Carbon-fiber microelectrodes were used for voltammetric recordings of dopamine. T-650 carbon fibers (Thornel, Amoco Corp., Greenville, SC) were aspirated into glass capillaries (AM Systems, Sequim, WA), pulled on a vertical pipet puller (model PE-22, Narishige Group, Tokyo, Japan), and cut to a length of 50–100 μm. An electrochemical waveform was applied to the electrode that scanned from −0.4 to 1.3 V at a rate of 400 V s–1 at 10 Hz. The holding potential of −0.4 V between voltammetric scans allows for adsorption of dopamine to the electrode. Waveform application, current monitoring, and stimulus application were performed using a customized version of the TH-1 software (ESA, Chelmsford, MA) written in LabVIEW (National Instruments, Austin, TX) with a custom built potentiostat (UEI, University of North Carolina Chemistry Department Electronics Facility) for waveform application. A DAC/ADC card (NI 6251 M, National Instruments) and a triggering card (NI 6711, National Instruments) were used to interface between the software and the instrument and the timing of the electrical stimulation with the waveform application.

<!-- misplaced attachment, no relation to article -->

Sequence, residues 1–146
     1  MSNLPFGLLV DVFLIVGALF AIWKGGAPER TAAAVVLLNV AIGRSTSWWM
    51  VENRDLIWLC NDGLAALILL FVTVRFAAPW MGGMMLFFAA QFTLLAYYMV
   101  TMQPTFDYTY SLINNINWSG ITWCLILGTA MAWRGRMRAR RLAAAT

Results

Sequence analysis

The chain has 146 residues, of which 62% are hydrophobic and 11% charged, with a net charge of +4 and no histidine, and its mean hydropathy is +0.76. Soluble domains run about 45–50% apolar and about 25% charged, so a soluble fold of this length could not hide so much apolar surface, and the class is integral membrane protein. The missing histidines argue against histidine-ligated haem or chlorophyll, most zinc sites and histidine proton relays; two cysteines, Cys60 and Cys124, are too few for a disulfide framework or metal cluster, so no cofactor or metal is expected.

Flow Injection Analysis
Flow injection analysis was used for in vitro calibration experiments.35
The carbon-fiber microelectrode was placed in the output of a six-port HPLC loop injector mounted on a two-position actuator (Rheodyne model 7010 valve and 5701 actuator), operated by a 12 V DC solenoid valve kit (Rheodyne, Rohnert Park, CA). The apparatus enabled the introduction of a rectangular pulse of analyte to the microelectrode surface using a syringe infusion pump (Harvard Apparatus model 940, Hollison, MA) at a flow rate of 2 mL/min. The flow injection buffer was constituted with the following: Trizma hydrochloride (15 mM), NaCl (140 mM), KCl (3.25 mM), 2H2
O·CaCl (1.2 mM), H2
(1.25 mM), MgCl2
(1.2 mM), and Na2
(2.0 mM), all purchased from Sigma-Aldrich (St. Louis, MO).